use MCE::Loop;

	MCE::Loop->init(
	   chunk_size => 1, max_workers	=> 4,

	   user_begin => sub {
	      print "##	", MCE->wid, " started\n";
	   },

	   user_end => sub {
	      print "##	", MCE->wid, " completed\n";
	   }
	);

	my %a =	mce_loop { MCE->gather($_, $_ *	$_) } 1..100;

	print "\n", "@a{1..100}", "\n";

	-- Output

	## 3 started
	## 1 started
	## 2 started
	## 4 started
	## 1 completed
	## 2 completed
	## 3 completed
	## 4 completed

	1 4 9 16 25 36 49 64 81	100 121	144 169	196 225	256 289	324 361
	400 441	484 529	576 625	676 729	784 841	900 961	1024 1089 1156
	1225 1296 1369 1444 1521 1600 1681 1764	1849 1936 2025 2116 2209
	2304 2401 2500 2601 2704 2809 2916 3025	3136 3249 3364 3481 3600
	3721 3844 3969 4096 4225 4356 4489 4624	4761 4900 5041 5184 5329
	5476 5625 5776 5929 6084 6241 6400 6561	6724 6889 7056 7225 7396
	7569 7744 7921 8100 8281 8464 8649 8836	9025 9216 9409 9604 9801
	10000

API DOCUMENTATION
       The following assumes chunk_size	equals 1 in order to demonstrate all
       the possibilities for providing input data.

       MCE::Loop->run (	sub { code }, list )
       mce_loop	{ code } list

       Input data may be defined using a list, an array	ref, or	a hash ref.

	# $_ contains the item when chunk_size => 1

	mce_loop { do_work($_) } 1..1000;
	mce_loop { do_work($_) } \@list;

	# Important; pass an array_ref for deeply input	data

	mce_loop { do_work($_) } [ [ 0,	1 ], [ 0, 2 ], ... ];
	mce_loop { do_work($_) } \@deeply_list;

	# Chunking; any	chunk_size => 1	or greater

	my %res	= mce_loop {
	   my ($mce, $chunk_ref, $chunk_id) = @_;
	   my %ret;
	   for my $item	(@{ $chunk_ref }) {
	      $ret{$item} = $item * 2;
	   }
	   MCE->gather(%ret);
	}
	\@list;

	# Input	hash; current API available since 1.828

	my %res	= mce_loop {
	   my ($mce, $chunk_ref, $chunk_id) = @_;
	   my %ret;
	   for my $key (keys %{	$chunk_ref }) {
	      $ret{$key} = $chunk_ref->{$key} *	2;
	   }
	   MCE->gather(%ret);
	}
	\%hash;

       MCE::Loop->run_file ( sub { code	}, file	)
       mce_loop_f { code } file

       The fastest of these is the /path/to/file. Workers communicate the next
       offset position among themselves	with zero interaction by the manager
       process.

       "IO::All" { File, Pipe, STDIO } is supported since MCE 1.845.

	# $_ contains the line when chunk_size => 1

	mce_loop_f { $_	} "/path/to/file";  # faster
	mce_loop_f { $_	} $file_handle;
	mce_loop_f { $_	} $io;		    # IO::All
	mce_loop_f { $_	} \$scalar;

	# chunking, any	chunk_size => 1	or greater

	my %res	= mce_loop_f {
	   my ($mce, $chunk_ref, $chunk_id) = @_;
	   my $buf = '';
	   for my $line	(@{ $chunk_ref }) {
	      $buf .= $line;
	   }
	   MCE->gather($chunk_id, $buf);
	}
	"/path/to/file";

       MCE::Loop->run_seq ( sub	{ code }, $beg,	$end [,	$step, $fmt ] )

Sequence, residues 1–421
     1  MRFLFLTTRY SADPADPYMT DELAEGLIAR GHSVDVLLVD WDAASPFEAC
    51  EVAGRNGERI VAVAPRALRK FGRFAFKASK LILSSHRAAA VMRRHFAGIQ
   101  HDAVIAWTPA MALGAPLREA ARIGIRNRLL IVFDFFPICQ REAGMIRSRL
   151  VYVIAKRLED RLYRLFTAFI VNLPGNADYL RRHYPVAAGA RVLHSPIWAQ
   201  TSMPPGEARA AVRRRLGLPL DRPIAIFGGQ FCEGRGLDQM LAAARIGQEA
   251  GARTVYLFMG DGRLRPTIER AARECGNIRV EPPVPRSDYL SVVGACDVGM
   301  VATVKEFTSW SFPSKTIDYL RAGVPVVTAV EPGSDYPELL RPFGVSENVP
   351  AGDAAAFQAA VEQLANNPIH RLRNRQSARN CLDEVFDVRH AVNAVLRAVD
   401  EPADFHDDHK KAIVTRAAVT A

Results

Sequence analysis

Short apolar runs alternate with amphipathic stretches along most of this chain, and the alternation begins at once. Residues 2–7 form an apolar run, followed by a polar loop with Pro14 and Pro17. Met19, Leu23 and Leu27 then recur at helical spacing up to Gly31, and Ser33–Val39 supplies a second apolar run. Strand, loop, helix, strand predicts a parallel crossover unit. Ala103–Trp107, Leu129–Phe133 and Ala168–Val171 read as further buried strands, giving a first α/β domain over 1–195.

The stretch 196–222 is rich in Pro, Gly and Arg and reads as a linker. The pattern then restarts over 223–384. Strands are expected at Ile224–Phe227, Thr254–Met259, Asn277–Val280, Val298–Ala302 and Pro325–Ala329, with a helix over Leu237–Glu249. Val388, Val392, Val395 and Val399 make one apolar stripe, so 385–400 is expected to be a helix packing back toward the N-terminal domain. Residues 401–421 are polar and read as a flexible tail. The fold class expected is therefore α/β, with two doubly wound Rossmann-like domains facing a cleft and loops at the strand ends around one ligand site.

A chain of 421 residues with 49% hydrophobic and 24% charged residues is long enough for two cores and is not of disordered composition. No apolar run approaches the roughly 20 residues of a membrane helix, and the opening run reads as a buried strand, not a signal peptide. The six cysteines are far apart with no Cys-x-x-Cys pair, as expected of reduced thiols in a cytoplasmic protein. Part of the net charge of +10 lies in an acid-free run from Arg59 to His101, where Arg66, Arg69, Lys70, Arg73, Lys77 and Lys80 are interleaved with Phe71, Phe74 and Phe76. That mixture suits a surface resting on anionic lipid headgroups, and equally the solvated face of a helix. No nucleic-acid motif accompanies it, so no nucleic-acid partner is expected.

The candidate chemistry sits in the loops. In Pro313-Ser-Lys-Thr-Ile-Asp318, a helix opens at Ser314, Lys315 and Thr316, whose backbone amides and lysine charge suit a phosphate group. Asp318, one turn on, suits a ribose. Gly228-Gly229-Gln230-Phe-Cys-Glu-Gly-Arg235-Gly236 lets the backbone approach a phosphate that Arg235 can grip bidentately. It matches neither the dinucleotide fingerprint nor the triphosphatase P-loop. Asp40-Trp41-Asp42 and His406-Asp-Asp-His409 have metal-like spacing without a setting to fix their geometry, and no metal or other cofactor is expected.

mce_loop_s { code } $beg, $end [, $step,	$fmt ]

       Sequence	may be defined as a list, an array reference, or a hash
       reference.  The functions require both begin and	end values to run.
       Step and	format are optional. The format	is passed to sprintf (%	may be
       omitted below).

	my ($beg, $end,	$step, $fmt) = (10, 20,	0.1, "%4.1f");

	# $_ contains the sequence number when chunk_size => 1

	mce_loop_s { $_	} $beg,	$end, $step, $fmt;
	mce_loop_s { $_	} [ $beg, $end,	$step, $fmt ];

	mce_loop_s { $_	} {
	   begin => $beg, end => $end,
	   step	=> $step, format => $fmt
	};

	# chunking, any	chunk_size => 1	or greater

	my %res	= mce_loop_s {
	   my ($mce, $chunk_ref, $chunk_id) = @_;
	   my $buf = '';
	   for my $seq (@{ $chunk_ref }) {
	      $buf .= "$seq\n";
	   }
	   MCE->gather($chunk_id, $buf);
	}
	[ $beg,	$end ];

       The sequence engine can compute 'begin' and 'end' items only, for the
       chunk, and not the items	in between (hence boundaries only). This
       option applies to sequence only and has no effect when chunk_size
       equals 1.

       The time	to run is 0.006s below.	This becomes 0.827s without the
       bounds_only option due to computing all items in	between, thus creating
       a very large array. Basically, specify bounds_only => 1 when boundaries
       is all you need for looping inside the block; e.g. Monte	Carlo
       simulations.

       Time was	measured using 1 worker	to emphasize the difference.

	use MCE::Loop;

	MCE::Loop->init(
	   max_workers => 1, chunk_size	=> 1_250_000,
	   bounds_only => 1
	);

	# Typically, the input scalar $_ contains the sequence number
	# when chunk_size => 1,	unless the bounds_only option is set
	# which	is the case here. Thus,	$_ points to $chunk_ref.

	mce_loop_s {
	   my ($mce, $chunk_ref, $chunk_id) = @_;

	   # $chunk_ref	contains 2 items, not 1_250_000
	   # my	( $begin, $end ) = ( $_->[0], $_->[1] );

	   my $begin = $chunk_ref->[0];
	   my $end   = $chunk_ref->[1];

	   # for my $seq ( $begin .. $end ) {
	   #	...
	   # }

	   MCE->printf("%7d .. %8d\n", $begin, $end);
	}
	[ 1, 10_000_000	];

	-- Output

	      1	..  1250000
	1250001	..  2500000
	2500001	..  3750000
	3750001	..  5000000
	5000001	..  6250000
	6250001	..  7500000
	7500001	..  8750000
	8750001	.. 10000000

       MCE::Loop->run (	sub { code }, iterator )